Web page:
Renewable Power Perspectives Q&A with Kristal Hansley, Founder & CEO of WeSolar, Inc.

I was at a community conference with 50 Black women organizers who were not invested in the community solar motion. To be able to use a product that will save our community up to 60% on their energy expenses is transformative.
WeSolars objective is to bring under-resourced neighborhoods budget-friendly access to regional neighborhood solar and to assist business homes with energy efficiency. When I initially moved to Baltimore, the Community Solar Pilot Program was launched, and I desired to ensure city homeowners were getting the exact same amount of investment as the county. Renewable energy has actually historically been a middle-class issue because Black neighborhoods have actually had to live in survival mode, but Reverend Mason and Reverend Dewitt brought me into the circle and linked me with the people I required to connect with in order to make this collaboration effective.

By Constance ThompsonAugust 27, 2021
The American Council on Renewable Energy (ACORE) is happy to share the first installment in our “Accelerating Renewables” blog site series. Each installation will feature industry leaders and subjects associated with speeding up an equitable and simply shift to an eco-friendly energy economy. In recognition of National Black Business Month, our August blog is the very first in a series highlighting how Black-owned member business are growing in the renewable resource sector.
Kristal Hansley is the Founder & & CEO of WeSolar, Inc and is the countrys first Black lady CEO in the neighborhood solar industry. Under her leadership, WeSolar is growing rapidly, offering consumers throughout Maryland and the District of Columbia access to budget friendly solar energy, despite house type, and assisting hard-working families decrease regular monthly expenditures.
What inspired you to start your business?
The stark fact that the majority of homes who were receiving eco-friendly energy rewards were higher earnings. I keep in mind discovering this and thinking there had to be a method to resolve this space. I discovered there was a problem. I had my own ideas on how to solve it, and I wished to have firm over my own choices. I was at a community meeting with 50 Black women organizers who were not purchased the neighborhood solar motion. As soon as I started to discuss how important and urgent it was for us to be a part of the solar motion, it seemed like a lightbulb had actually switched on for me. I began showing how higher-income neighborhoods and people in the suburbs were benefiting from eco-friendly tax rewards and had gotten a lots of assistance. The reality is, energy use effects Black family budgets significantly. 36% of Black homes experience a high energy concern, implying they invest over 6% of their earnings on house energy costs. Thats an enormous portion. To be able to offer an item that will save our neighborhood approximately 60% on their energy expenses is transformative.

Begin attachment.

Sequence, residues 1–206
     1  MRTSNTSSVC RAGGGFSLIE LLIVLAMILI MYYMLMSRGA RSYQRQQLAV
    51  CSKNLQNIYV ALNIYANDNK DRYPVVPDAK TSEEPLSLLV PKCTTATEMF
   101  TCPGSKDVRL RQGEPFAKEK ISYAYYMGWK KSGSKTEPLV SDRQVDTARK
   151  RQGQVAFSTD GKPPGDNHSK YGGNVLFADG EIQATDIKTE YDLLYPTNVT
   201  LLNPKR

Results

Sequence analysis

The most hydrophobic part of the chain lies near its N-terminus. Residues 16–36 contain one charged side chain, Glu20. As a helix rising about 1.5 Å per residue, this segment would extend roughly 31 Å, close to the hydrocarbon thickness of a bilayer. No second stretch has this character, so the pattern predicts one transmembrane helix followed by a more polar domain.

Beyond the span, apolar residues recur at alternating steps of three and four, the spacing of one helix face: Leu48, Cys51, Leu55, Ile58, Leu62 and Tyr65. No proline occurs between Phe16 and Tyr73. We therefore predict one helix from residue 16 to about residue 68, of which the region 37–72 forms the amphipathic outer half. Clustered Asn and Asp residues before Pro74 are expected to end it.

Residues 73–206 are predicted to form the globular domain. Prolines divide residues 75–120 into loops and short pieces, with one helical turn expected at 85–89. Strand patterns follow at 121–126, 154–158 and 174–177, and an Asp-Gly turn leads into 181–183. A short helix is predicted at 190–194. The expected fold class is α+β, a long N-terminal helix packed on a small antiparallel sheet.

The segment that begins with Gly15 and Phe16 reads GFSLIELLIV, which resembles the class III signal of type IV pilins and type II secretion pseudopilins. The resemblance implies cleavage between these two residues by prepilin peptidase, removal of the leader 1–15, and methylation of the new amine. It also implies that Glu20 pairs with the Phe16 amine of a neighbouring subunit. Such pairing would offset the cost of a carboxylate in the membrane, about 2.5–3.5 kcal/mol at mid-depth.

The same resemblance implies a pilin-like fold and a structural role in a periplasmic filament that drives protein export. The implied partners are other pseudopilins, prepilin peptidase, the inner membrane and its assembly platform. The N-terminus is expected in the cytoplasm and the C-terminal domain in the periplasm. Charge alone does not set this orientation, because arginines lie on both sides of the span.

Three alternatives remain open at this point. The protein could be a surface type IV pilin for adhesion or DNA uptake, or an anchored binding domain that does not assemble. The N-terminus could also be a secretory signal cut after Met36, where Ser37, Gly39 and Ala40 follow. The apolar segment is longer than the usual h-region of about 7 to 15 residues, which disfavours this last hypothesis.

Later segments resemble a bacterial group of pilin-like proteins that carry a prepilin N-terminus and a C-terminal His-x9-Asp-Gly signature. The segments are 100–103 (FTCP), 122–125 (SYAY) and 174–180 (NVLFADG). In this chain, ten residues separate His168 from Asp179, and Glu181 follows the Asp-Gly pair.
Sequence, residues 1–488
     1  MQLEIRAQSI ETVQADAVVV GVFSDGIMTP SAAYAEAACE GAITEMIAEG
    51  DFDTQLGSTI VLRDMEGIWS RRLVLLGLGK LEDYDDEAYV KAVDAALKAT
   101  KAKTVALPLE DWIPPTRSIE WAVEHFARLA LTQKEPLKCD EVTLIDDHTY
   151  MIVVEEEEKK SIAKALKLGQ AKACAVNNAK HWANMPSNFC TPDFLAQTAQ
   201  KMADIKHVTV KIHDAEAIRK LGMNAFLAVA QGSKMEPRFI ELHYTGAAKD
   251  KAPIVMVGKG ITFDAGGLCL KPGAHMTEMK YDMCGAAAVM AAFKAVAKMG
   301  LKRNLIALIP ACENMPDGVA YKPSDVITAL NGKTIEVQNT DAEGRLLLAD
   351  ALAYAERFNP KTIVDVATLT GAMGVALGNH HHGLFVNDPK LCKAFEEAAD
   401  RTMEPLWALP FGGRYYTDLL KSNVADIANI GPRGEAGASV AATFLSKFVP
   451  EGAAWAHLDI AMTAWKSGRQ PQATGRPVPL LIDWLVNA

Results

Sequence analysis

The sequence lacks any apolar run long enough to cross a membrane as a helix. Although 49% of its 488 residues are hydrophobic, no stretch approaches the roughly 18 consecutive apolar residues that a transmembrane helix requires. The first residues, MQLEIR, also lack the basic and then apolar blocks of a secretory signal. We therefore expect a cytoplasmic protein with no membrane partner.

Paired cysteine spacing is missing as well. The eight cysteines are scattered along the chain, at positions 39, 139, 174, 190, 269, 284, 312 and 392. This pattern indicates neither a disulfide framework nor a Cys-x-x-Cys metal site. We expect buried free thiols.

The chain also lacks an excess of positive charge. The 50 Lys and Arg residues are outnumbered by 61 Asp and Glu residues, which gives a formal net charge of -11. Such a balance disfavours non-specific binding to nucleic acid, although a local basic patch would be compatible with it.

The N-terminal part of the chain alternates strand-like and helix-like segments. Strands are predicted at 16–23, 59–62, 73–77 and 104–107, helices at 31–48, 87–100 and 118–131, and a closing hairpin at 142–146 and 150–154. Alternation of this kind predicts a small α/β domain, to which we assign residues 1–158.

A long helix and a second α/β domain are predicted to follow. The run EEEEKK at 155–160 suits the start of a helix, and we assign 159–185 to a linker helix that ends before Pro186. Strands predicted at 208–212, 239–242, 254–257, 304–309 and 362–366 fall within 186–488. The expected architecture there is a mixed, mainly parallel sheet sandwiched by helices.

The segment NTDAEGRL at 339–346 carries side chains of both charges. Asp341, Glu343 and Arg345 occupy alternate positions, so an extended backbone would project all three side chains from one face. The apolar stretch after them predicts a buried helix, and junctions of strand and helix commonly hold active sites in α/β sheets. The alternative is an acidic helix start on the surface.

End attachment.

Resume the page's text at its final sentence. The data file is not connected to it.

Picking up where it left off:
Tell us about your business?
WeSolars mission is to bring under-resourced communities inexpensive access to regional community solar and to assist commercial properties with energy efficiency. WeSolar introduced in Baltimore and will broaden to other cities in the future. Through WeSolar, electricity customers can buy shared solar from a local project without needing to install any devices in their houses. In turn, locals conserve hundreds on their electrical energy bills. In Maryland, legislators passed legislation that specifies 50 percent of its electricity must originate from renewable energy sources by 2030.
What challenges do you face? Why?
To a community that is currently facing a lot of pressing difficulties, persuading them that there is another one just as important is very hard. I remember attempting to explain neighborhood solar to my buddies and the conversation quickly pivoting to housing. The truth of the matter is, institutional bigotry and injustice are bigger than we understand, and it drowns our neighborhood. Where Black people are not being invested in, we are being asked to prioritize constantly for our survival.
Please show us a current company success story.
An extremely personal success story for me is cultivating a collaboration with Maryland United Baptist Missionary Convention, Inc. I grew up in a Baptist church in Brooklyn where my cousin was the pastor, and my mama was an organizer– community was stitched into my extremely being. When I first relocated to Baltimore, the Community Solar Pilot Program was introduced, and I desired to ensure city residents were receiving the same quantity of investment as the county. It was the church that took me in, and the church that then supported my vision– bringing whatever cycle. Sustainable energy has traditionally been a middle-class concern because Black communities have actually had to live in survival mode, however Reverend Mason and Reverend Dewitt brought me into the circle and linked me with individuals I required to link with in order to make this partnership effective.
To get more information about WeSolar, see